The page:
Bridget: Right. It doesn't mean everyone has to agree before you can start, but it does mean that you need to start building that consensus before you're going to see much success just because in practice the human beings who have to go to work every day and work with each other need to actually want to work with each other and need to actually wanna work with each other in the new patterns or with the new tools that you're trying to promote. So I would say another problem is so the DevOps team or the person in charge of DevOps is sort of a problem that some people fall into, a lot of people I think are realizing that it's more nuance than that. Another one is the we've put DevOps on our Q2 agenda and we're going to fully implement DevOps by the end of Q3 and we'll have our DevOps measurables and deliverables and then we'll definitely see our DevOps ROI. Again while there definitely is an ROI, there's a measurable impact from, for example, of being able to react and add features or fix bugs faster than your competitors. That's measurable in your bottom line or if you're not a profit motivated organization it's measurable by your outcomes and the reaction from your stakeholders. But orgs that want to examine DevOps like they would some of their other their DevOps transformation or their DevOps efforts, orgs that wanna examine that and put it on their balance sheet the same way that they would any other I don't know move to virtualization or whatever. The move to virtualization didn't necessarily require the exact same amount of emotional heavy lifting in the form of people having to adjust to their jobs changing completely. Some of it, yes, but not quite as much as this does. So I would say trying to boil it down to dollars and cents too much is a little bit of a problem. Then I would say the third major antipattern that I've seen would be the people assuming that it's a tool they can buy. So after they go and they buy the DevOps tool that they've heard of whether it's that tool that has some pipelines 'cause those are a thing that people like or that tool that has some containers cause I've heard that container ships that tip over are a meme that are on the Internet a lot. Somebody who sees something and goes I don't know. There was an old Dilbert cartoon from a million years ago that said "What color would you like that database? Oh, I think mauve has the most ram." And that's how Dilbert figures out the manager has no idea what's going on with databases. I think of that sometimes.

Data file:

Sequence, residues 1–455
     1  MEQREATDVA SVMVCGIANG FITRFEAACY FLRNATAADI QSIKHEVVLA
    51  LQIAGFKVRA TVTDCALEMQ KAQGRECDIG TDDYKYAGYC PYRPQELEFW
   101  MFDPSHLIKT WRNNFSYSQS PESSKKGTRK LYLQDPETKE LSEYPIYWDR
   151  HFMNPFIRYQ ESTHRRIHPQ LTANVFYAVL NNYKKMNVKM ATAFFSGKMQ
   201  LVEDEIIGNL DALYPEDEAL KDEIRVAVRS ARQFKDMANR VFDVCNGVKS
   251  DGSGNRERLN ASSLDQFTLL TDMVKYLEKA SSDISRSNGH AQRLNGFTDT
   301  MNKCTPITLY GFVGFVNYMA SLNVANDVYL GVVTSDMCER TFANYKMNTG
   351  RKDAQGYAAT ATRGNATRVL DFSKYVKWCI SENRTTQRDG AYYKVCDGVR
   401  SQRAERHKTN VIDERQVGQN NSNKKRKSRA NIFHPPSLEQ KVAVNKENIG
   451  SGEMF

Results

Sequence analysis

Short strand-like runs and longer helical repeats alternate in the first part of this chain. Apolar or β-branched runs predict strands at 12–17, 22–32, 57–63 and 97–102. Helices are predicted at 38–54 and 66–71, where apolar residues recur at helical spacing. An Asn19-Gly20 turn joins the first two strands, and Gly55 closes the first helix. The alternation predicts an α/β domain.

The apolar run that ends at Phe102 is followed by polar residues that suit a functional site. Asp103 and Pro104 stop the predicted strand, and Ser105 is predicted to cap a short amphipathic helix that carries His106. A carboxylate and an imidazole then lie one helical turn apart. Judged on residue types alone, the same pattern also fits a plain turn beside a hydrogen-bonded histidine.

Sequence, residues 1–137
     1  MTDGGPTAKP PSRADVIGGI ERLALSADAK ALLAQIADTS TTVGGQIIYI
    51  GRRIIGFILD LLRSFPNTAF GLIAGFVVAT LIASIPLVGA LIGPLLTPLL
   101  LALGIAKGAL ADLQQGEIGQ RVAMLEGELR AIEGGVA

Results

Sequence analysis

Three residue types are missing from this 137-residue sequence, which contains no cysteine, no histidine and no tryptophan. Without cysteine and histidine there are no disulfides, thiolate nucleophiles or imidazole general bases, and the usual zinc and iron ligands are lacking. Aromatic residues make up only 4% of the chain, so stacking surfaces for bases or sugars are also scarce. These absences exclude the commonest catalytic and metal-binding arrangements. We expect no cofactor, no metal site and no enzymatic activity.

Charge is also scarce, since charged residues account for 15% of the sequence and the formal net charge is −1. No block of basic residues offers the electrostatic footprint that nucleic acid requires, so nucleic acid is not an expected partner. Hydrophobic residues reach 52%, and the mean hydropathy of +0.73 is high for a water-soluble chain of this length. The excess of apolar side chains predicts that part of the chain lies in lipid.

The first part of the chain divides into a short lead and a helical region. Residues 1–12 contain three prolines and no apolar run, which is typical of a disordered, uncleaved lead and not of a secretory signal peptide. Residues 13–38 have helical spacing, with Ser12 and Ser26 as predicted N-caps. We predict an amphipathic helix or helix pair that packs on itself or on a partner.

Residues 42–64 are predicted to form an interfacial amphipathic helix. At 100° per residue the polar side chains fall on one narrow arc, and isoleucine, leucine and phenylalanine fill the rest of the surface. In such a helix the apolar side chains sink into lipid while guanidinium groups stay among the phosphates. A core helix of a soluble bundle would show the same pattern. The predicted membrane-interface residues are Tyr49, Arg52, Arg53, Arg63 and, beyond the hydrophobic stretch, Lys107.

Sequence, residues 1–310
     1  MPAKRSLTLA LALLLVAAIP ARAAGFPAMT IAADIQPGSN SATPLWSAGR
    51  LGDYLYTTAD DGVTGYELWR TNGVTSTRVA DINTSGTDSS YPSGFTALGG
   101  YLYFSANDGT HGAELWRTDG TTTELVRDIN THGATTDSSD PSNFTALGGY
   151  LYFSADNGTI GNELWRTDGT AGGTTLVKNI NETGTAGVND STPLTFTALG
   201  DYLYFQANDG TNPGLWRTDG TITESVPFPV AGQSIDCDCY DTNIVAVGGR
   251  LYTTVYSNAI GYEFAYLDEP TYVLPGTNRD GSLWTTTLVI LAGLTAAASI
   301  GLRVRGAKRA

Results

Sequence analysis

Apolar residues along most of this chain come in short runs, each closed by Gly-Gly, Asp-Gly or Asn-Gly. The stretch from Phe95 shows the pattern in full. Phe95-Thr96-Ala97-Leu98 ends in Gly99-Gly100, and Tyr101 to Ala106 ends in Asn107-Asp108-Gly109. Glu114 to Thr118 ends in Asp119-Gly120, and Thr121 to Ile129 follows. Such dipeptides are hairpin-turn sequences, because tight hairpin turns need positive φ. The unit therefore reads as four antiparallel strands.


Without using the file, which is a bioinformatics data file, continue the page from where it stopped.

Andre: That's really interesting. So within the world of DevOps technologies like container technology and automation technology like Jencons along with platforms of service technology seem to be really pushing the adoption along. What do you think of the combination of those three technologies for organizations that are looking to adopt a DevOps transformation?
Bridget: So you cut out a little bit right at the beginning of that. So I heard platform as a service and continuous integration. What was the other one?
Andre: I was asking about Docker and Jenkins and platform as a service.
Bridget: Sure. Absolutely. So I think that I've said before and I'll definitely say again, one of the things that Docker really did right was it's 2013 and they suddenly make containers accessible to pretty much everyone for an increasingly large subset of everyone because containerization is obviously not new, but it's also been pretty difficult to use if you're not super steeped and free BSD, _____, or Salaris zones or whatever. So the fact that Docker really made containers API driven, very developer accessible, you don't have to be a colonel wizard, et cetera. LXC was great, but it was, "Hey, if you're a Google engineer and you really understand C groups and name spaces dig in." But for the average developer it wasn't something they were gonna use. And so while Docker of course has a vast echo system of stuff that's going on with a lot of interesting fast moving parts, I would say the standard container format and them deciding to open source run C and have that be a standard with the OCI and whatnot, that was last year that was key. I think of all of the great things they did last your I would say that's the one that makes the biggest difference in terms of the container ecosystem because when you want people to adopt stuff like you would like people to all start using CIDC and putting their workloads into a platform when your average enterprise looks at what appears to be a completely fragmented ecosystem with pretty much no hope of them figuring out how to implement anything that's gonna be even remotely future proof, that tends to be a dissuading factor. Like maybe we'll just wait another quarter or three until this shakes out. So Docker deciding to say, "We're gonna have run CB the standard. We're gonna have the open container initiative, et cetera," that was a really good choice because I think containers are definitely useful, definitely the way to go, and having the Docker container format be basically the PDF of the container world, this is just a standard we're all gonna use it, means that if people would like to use an unopinionated or an opinionated platform of all the various sorts and there's you don't need me to run through them for you. There's a lot of different choices out there for the assemble your own from components all the way up to something as opinionated as Cloud Foundry. But for someone to be able to bring container as workload and run it in that I think is pretty powerful because it gives people a lot of flexibility about their choices. I also think containers work super well with Jenkins and with your CICD pipeline in general. At my last gig we had all of our builds and all of our tasks happen in containers and we didn't have to worry about something on the Jenkins server affecting something else in terms of builds or whatever. Actually at one point there was a very unfortunate assembling related accident that led to one of my co-workers blowing away a Jenkins home directory which would have been disastrous under many circumstances, but given that we had all the _____ backed up and we had all of our builds just launching containers it was a lot easier to recover from.